Should Teachers Be Paid For Performance? Is It In The Interests Of Better Education?
Some school boards are looking to introduce pay for performance bonus systems for teachers, while others have already done so. On the surface of it, it makes some common sense that better teachers should receive compensation for being better teachers, but in fact, it's a much more complex issue than it might seem to be on the surface.
There are a lot of practical issues about how to administer these systems in a fair, objective way, but there's also another central issue which has to do with whether paying "better teachers" more will actually improve the school system. There's research that suggests it doesn't work, and I've explained one of the reasons why pay for performance doesn't address the causes of school problems.
Still it's important to understand the arguments on both sides, so below are collected some of the better articles, research studies, and opinion pieces on this important topic.
One note: As you read these remember that often the writers and researchers can have biases from the start. For example, it's not surprising that the NEA, or other teachers' unions are against pay for performance for teachers, since unions never support such schemes regardless of industry. Similarly, there are political biases, Democrat vs Republican, Left vs. Right and so on. It's good to keep that in mind because even research can be contaminated by bias, even unintentionally.
Top : Pay For Performance For Teachers :
School districts are looking at, or have started implementing a pay for performance system for teachers, where they are trying to reward "better teachers". It's a very hard system to make work, so we're going to explore the good, bad and ugly of merit pay for teachers through articles, research and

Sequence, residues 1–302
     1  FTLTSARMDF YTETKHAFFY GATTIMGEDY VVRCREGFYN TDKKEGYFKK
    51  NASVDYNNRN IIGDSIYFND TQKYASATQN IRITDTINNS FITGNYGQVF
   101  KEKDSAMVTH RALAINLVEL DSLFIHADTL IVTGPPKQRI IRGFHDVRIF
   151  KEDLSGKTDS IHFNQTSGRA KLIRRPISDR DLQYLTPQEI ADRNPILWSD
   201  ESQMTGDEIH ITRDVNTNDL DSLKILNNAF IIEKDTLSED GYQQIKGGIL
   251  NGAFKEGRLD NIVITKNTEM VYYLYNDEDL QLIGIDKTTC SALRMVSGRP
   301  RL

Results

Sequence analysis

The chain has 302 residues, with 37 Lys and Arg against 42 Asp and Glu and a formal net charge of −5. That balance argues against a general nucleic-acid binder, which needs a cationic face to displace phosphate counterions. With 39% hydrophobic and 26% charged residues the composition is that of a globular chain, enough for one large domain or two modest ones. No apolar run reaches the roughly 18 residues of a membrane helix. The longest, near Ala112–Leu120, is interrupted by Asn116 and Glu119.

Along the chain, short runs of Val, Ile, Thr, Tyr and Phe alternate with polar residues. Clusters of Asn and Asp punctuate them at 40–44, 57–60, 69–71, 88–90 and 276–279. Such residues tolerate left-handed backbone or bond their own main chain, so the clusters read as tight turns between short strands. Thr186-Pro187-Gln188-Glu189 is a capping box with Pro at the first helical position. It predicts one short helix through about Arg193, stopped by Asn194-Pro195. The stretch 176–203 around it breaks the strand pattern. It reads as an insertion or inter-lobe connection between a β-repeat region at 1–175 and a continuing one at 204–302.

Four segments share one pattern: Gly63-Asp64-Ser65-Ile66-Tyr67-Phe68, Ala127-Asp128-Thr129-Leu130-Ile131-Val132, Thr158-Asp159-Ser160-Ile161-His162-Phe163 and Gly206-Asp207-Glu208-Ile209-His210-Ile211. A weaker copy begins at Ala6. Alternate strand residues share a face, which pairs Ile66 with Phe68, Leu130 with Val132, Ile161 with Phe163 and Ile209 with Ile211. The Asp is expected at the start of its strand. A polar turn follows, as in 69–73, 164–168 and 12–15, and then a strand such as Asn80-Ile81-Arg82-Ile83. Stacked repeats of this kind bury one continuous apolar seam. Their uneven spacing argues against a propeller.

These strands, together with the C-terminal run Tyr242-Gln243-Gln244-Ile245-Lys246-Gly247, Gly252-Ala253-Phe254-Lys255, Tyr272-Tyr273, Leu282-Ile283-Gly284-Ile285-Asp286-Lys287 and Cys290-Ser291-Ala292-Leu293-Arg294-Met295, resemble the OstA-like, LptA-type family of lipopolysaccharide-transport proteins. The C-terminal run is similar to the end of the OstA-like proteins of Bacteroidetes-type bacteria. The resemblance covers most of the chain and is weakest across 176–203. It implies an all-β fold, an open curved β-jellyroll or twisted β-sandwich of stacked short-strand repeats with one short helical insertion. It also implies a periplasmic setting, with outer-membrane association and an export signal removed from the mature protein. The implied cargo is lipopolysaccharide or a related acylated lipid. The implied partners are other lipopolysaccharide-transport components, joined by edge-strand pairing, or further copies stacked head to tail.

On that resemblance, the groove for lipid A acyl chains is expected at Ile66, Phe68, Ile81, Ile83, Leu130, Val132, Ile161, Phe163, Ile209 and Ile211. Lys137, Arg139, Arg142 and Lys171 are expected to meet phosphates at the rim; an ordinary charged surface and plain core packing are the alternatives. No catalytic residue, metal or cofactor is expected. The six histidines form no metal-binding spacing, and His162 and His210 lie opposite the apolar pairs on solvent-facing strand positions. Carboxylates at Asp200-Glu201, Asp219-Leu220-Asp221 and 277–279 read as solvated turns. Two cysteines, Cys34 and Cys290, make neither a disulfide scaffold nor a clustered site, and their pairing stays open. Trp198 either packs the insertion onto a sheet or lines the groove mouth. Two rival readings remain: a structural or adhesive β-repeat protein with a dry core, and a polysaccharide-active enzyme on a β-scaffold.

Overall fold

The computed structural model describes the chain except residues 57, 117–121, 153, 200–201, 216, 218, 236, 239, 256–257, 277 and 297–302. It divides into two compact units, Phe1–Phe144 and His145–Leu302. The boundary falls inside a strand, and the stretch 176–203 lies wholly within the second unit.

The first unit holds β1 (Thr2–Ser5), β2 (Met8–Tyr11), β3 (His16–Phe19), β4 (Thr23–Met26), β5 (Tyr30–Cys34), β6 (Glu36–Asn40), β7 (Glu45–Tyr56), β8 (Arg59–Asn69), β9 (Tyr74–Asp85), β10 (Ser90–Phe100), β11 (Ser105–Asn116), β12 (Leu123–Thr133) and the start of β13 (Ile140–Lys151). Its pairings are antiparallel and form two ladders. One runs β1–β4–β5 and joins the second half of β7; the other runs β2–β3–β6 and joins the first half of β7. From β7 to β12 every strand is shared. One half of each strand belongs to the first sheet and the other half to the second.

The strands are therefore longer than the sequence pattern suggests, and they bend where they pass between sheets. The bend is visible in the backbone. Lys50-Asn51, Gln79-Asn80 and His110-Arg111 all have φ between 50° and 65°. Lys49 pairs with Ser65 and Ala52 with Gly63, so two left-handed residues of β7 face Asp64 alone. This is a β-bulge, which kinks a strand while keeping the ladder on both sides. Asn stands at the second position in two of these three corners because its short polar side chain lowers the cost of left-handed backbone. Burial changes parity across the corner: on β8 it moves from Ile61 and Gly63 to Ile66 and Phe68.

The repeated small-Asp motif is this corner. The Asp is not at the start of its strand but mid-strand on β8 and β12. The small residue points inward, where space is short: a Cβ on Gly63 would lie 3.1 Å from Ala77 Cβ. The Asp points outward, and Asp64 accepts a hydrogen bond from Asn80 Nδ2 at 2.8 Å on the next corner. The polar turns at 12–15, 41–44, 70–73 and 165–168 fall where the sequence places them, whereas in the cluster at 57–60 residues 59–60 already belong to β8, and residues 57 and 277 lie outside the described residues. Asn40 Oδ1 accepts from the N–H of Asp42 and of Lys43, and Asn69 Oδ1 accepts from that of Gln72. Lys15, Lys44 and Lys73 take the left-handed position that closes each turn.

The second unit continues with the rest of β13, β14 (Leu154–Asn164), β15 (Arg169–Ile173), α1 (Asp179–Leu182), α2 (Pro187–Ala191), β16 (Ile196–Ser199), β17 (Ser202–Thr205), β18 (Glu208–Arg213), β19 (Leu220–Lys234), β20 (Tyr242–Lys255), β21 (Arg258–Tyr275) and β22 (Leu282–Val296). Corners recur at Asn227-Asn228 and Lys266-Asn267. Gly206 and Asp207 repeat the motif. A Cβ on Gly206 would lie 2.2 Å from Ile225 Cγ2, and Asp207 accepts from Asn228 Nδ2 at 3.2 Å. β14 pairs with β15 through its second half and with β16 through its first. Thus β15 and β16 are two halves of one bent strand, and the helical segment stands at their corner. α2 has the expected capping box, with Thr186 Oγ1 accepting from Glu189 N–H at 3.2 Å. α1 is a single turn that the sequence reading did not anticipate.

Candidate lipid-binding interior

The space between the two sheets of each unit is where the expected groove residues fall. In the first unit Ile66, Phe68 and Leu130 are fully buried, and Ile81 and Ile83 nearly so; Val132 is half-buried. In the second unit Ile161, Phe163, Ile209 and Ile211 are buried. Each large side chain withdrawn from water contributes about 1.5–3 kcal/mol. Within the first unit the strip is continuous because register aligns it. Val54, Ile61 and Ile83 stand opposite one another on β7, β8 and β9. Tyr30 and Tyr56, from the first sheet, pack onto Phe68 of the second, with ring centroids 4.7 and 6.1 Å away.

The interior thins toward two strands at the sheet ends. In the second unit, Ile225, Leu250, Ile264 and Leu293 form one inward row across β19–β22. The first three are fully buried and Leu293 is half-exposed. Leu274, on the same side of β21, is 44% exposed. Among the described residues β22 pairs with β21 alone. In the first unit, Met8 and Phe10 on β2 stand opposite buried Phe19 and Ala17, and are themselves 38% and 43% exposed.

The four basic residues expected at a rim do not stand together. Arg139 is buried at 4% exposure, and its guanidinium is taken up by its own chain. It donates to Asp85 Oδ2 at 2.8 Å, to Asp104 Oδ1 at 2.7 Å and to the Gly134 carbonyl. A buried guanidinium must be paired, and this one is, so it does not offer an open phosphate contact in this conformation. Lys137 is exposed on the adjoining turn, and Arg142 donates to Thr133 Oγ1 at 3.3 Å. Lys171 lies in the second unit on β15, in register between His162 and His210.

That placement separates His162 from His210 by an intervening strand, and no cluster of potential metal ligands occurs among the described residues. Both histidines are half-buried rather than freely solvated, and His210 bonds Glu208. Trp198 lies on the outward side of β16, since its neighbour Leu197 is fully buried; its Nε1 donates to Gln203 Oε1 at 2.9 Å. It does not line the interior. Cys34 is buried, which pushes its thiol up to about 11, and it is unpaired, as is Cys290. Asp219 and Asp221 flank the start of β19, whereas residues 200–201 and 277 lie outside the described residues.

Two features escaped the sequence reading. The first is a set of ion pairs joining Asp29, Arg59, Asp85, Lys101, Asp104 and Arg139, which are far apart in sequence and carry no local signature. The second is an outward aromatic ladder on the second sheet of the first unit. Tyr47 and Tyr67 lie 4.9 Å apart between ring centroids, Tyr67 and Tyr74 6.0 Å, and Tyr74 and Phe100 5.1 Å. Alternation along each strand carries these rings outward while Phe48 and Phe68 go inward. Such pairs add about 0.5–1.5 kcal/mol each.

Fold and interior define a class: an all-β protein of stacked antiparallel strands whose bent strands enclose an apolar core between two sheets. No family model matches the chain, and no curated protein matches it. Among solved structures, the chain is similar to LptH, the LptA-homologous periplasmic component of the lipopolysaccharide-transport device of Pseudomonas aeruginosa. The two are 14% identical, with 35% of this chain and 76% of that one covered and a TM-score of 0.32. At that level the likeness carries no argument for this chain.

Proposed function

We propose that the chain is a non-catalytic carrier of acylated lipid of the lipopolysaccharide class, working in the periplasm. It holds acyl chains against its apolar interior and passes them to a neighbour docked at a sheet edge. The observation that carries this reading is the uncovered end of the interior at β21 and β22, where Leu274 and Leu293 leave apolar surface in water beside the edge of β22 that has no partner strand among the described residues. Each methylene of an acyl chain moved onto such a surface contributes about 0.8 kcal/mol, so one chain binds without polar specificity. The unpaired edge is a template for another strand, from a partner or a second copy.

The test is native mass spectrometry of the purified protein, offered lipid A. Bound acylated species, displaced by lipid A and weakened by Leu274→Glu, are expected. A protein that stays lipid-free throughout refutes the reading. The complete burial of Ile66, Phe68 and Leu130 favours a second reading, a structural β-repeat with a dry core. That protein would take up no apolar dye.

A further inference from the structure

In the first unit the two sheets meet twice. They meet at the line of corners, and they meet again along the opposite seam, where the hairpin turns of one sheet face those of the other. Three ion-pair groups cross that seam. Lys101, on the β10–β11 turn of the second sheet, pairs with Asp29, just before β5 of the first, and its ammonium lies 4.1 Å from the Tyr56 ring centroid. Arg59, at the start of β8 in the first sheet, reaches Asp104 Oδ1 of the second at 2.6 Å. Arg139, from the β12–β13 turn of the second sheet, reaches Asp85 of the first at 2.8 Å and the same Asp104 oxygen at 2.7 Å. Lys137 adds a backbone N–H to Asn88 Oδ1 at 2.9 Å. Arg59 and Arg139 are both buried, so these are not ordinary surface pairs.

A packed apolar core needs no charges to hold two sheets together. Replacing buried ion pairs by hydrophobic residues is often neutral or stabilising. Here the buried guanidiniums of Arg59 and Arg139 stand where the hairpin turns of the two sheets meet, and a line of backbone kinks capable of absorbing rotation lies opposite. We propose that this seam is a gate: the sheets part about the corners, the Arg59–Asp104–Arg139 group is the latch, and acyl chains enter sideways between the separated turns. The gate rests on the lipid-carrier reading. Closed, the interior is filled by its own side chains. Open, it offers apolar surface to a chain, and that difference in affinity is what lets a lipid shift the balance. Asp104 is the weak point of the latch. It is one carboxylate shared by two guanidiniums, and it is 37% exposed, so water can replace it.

Research, Opinions, Articles On Pay For Performance For Teachers: Pay For Performance For TeachersColorado Experience: teacher evaluations reform leading performance pay reforms - by Yesenia Robles
An account of the attempts by three of the largest school boards in the state of Colorado to introduce merit pay for teachers, and the road has been bumpy. (Views So Far 267 )
Does Increasing Teacher Salaries Yield More Learning? - by PAMELA BROOKE
Not so much about merit pay for teachers but about the relationship between teacher pay and learning. Some great infographics here, since the author looks at how countries that lead the USA in learning outcomes, also pay their teachers at a higher level than the USA. (Views So Far 293 )
Education Week: TAP: More Than Performance Pay - by Stephen Sawchuk
TAP (Teacher Advancement Programs) includes a pay for performance component for teachers, but also involves teachers in setting the thresholds for defining what is effective teaching. Excerpt: In general, educators who work in one of the 219 schools that use TAP don't have any problem discussing that element. Yes, they will confirm, the bonus pay is partly based on test scores. But then they will gently remind you that TAP, begun by businessman Lowell Milken in 2000, has several components, all of which work together to improve teacher effectiveness. (Views So Far 346 )
Four Part Series: Pay for Performance: What Are the Issues? - by Ellen R. Delisio
First part of a four part series examining the controversial issue of paying for performance. Includes a discussion of problems and challenges, and four alternate models for merit pay. (Views So Far 262 )
Little Connection Between Teacher Pay and Performance (Value Added Measures Of Teacher Effectiveness - by NPR
NPR's article on pay for performance, relationship between pay and teacher performance, credentialism and a lot more. Read the entire thing through, because there's lots of meat here. (Views So Far 354 )
Merit Pay and High-Performing Nations. Does Pay For Performance Work? - by NEA
In February, Education Next released a report that seemed to credit performance pay with the success of countries who ranked high on the 2009 Program for International Student Assessment survey (PISA). Merit pay proponents hailed the study as proof positive that these measures are necessary if the United States is to improve student achievement. Case closed. Not so fast, according to the National Education Policy Center (NPEC). The Education Next report, called "Cross Country Evidence on Teacher Performance Pay" and written by Ludger Woessmann of the University of Munich, went unchallenged in the media until the NPEC published an analysis of the findings and concluded that the report was based on "unreliable and invalid" data and made too many broad assumptions to be useful as a policymaking guide. (Views So Far 300 )